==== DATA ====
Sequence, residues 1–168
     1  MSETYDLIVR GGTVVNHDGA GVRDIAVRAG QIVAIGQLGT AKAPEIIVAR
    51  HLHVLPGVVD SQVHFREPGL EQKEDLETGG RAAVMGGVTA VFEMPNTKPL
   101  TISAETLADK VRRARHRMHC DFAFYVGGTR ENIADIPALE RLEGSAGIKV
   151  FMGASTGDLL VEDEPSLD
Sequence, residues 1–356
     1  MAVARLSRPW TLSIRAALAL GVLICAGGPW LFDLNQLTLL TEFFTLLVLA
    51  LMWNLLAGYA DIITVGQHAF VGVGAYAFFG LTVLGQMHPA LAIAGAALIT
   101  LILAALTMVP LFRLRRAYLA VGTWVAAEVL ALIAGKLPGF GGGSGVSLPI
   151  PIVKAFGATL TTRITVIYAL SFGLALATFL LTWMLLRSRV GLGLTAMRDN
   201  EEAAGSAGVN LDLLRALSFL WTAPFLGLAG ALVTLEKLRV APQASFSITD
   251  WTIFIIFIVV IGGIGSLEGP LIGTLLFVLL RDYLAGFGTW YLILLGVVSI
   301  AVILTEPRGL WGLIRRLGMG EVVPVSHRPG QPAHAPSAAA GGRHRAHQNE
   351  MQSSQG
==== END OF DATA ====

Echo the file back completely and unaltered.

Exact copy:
Sequence, residues 1–168
     1  MSETYDLIVR GGTVVNHDGA GVRDIAVRAG QIVAIGQLGT AKAPEIIVAR
    51  HLHVLPGVVD SQVHFREPGL EQKEDLETGG RAAVMGGVTA VFEMPNTKPL
   101  TISAETLADK VRRARHRMHC DFAFYVGGTR ENIADIPALE RLEGSAGIKV
   151  FMGASTGDLL VEDEPSLD
Sequence, residues 1–356
     1  MAVARLSRPW TLSIRAALAL GVLICAGGPW LFDLNQLTLL TEFFTLLVLA
    51  LMWNLLAGYA DIITVGQHAF VGVGAYAFFG LTVLGQMHPA LAIAGAALIT
   101  LILAALTMVP LFRLRRAYLA VGTWVAAEVL ALIAGKLPGF GGGSGVSLPI
   151  PIVKAFGATL TTRITVIYAL SFGLALATFL LTWMLLRSRV GLGLTAMRDN
   201  EEAAGSAGVN LDLLRALSFL WTAPFLGLAG ALVTLEKLRV APQASFSITD
   251  WTIFIIFIVV IGGIGSLEGP LIGTLLFVLL RDYLAGFGTW YLILLGVVSI
   301  AVILTEPRGL WGLIRRLGMG EVVPVSHRPG QPAHAPSAAA GGRHRAHQNE
   351  MQSSQG